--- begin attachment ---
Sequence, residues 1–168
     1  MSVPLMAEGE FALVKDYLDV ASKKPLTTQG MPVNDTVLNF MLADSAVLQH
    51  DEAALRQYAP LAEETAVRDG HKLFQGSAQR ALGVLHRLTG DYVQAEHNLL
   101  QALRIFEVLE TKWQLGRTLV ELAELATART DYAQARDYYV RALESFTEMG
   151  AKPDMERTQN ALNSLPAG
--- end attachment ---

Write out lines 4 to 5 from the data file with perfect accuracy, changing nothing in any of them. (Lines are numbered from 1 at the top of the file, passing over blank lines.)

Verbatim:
   101  QALRIFEVLE TKWQLGRTLV ELAELATART DYAQARDYYV RALESFTEMG
   151  AKPDMERTQN ALNSLPAG